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How to monitor running MariaDB and MySQL queries

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November 02, 2022

MariaDB (a variant of MySQL) is a database management system that is probably running on your website if it contains interactive and dynamic elements. If, say, for example, all your content is being stored for you in a database and is being accessed by your site through MySQL queries.

If a large amount of data is needed or your database is often queried, these interactions can be resource intensive. Therefore, you need a way to check the status of your MySQL queries. This is called the Processlist, and the information you get from monitoring MySQL queries will be necessary when you are Tuning MySQL Queries for Performance.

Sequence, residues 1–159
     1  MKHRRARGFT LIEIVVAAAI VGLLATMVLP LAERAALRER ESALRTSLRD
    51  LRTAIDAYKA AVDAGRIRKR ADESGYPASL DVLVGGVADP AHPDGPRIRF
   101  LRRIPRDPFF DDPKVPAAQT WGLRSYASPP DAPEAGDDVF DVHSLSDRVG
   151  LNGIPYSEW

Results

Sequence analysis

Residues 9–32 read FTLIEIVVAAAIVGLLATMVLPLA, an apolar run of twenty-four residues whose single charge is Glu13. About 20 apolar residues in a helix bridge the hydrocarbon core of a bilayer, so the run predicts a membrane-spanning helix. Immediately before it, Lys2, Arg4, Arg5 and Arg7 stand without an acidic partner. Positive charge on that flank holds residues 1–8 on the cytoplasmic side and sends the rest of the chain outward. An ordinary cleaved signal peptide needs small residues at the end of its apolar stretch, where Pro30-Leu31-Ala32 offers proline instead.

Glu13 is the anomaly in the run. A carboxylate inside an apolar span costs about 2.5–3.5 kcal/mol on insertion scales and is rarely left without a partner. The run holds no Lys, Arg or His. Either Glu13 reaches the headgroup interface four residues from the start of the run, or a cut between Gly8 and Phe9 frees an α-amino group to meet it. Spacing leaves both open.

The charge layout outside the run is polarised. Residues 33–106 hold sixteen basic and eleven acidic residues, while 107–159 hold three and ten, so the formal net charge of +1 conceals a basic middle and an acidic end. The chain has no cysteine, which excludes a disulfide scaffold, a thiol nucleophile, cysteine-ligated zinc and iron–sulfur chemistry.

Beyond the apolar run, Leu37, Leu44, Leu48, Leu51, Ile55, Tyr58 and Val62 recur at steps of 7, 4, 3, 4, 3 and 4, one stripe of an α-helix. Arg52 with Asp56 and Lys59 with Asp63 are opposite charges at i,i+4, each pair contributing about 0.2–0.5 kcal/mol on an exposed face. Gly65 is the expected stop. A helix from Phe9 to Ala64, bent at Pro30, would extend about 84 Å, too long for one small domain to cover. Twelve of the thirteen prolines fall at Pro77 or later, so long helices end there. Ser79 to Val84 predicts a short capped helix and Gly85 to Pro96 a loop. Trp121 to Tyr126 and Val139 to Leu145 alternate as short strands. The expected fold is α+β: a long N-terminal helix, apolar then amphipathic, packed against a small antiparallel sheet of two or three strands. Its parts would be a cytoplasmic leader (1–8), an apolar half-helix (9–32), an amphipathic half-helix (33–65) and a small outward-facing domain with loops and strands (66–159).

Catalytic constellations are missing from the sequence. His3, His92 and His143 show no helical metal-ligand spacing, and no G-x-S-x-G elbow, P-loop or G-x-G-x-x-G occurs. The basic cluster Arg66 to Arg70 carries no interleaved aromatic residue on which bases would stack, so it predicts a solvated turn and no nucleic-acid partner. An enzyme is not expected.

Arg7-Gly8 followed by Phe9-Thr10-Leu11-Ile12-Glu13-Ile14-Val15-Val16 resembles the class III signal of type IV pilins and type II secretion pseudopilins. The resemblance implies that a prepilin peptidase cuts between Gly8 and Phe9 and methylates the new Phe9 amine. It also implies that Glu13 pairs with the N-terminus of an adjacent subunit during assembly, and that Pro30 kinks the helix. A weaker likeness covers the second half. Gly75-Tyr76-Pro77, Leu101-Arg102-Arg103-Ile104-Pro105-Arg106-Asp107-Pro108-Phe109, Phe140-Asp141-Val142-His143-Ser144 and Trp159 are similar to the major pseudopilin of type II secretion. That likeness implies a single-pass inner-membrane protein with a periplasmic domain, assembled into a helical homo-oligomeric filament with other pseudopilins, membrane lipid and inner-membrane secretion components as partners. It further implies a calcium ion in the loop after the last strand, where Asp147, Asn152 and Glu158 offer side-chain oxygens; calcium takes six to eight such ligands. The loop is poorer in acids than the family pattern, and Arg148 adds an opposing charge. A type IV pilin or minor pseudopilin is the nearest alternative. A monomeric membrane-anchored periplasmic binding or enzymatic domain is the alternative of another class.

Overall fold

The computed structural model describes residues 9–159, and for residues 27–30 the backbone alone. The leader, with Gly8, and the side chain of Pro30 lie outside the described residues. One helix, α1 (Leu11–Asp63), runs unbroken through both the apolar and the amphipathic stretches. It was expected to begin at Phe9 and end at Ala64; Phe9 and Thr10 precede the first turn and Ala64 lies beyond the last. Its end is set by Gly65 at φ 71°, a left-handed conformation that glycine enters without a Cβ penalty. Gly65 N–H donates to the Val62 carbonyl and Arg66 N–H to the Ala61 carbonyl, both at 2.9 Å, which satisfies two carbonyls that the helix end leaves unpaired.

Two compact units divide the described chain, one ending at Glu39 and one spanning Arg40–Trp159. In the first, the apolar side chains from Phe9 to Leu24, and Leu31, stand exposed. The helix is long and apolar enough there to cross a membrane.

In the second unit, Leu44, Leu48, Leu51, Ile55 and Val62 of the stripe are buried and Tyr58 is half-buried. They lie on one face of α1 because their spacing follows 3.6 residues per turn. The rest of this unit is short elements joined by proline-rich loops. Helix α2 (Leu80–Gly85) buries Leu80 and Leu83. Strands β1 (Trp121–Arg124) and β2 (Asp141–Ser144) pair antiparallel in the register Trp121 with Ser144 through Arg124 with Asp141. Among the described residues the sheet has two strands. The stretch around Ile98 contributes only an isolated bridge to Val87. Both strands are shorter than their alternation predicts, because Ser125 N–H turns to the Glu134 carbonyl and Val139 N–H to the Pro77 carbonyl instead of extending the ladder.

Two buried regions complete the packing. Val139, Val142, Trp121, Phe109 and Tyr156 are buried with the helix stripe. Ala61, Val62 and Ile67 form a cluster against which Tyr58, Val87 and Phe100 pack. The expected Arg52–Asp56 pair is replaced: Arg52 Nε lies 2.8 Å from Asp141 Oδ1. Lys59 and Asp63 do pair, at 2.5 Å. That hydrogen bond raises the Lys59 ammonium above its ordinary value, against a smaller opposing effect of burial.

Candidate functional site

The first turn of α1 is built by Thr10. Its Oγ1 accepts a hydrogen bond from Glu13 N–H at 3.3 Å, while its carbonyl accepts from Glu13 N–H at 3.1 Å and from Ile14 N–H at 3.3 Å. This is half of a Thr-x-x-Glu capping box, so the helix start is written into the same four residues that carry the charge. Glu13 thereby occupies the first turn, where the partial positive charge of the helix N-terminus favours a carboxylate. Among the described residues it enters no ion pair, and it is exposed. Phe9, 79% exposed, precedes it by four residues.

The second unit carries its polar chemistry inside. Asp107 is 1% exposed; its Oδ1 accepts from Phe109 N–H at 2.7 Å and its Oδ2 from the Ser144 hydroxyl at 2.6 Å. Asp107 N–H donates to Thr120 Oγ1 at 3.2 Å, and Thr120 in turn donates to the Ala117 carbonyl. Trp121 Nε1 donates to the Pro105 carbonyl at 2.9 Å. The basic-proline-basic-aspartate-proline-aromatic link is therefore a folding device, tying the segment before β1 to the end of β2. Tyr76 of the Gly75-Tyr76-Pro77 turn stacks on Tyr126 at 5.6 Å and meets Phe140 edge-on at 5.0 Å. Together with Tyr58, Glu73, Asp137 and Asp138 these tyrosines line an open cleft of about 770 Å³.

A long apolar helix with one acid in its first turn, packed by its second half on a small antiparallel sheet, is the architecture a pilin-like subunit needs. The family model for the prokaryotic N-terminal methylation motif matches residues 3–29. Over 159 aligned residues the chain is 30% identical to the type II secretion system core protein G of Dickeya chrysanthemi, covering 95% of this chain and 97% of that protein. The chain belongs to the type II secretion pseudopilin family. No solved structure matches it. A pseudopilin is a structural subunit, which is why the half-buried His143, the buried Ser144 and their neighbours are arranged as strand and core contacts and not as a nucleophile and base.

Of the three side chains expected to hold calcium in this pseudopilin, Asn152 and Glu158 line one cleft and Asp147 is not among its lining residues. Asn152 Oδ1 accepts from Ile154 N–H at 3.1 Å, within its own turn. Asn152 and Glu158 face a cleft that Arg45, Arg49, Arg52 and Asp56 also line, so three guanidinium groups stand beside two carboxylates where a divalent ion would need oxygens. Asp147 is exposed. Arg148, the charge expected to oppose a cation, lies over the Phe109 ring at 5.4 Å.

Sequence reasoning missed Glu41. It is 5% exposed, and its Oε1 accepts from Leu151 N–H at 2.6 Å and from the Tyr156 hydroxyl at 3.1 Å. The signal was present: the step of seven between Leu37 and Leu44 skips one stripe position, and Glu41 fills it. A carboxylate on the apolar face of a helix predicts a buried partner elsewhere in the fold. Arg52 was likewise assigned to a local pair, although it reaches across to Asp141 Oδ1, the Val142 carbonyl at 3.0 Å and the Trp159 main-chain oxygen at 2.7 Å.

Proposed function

You can learn more about databases at Nexcess Knowledge Base - Databases.

How to monitor queries

MariaDB and MySQL provide a command SHOW PROCESSLIST that will display all the vital information about MySQL queries running on your server. Please note that all MariaDB/MySQL queries and commands must end in with a semicolon character (";”) to be executed. The example below shows 10 running processes (the 10 rows in the result set are shown in red at the bottom). At the MariaDB/MySQL command prompt, type in show processlist and press the Enter key:

MariaDB/MySQL provides basic information about every process running on your database.

MariaDB/MySQL provides basic information about every process running on your database. Let’s go into more detail on each of the returned columns:

  • Id - a unique id assigned to each process
  • User - the user that has initiated this process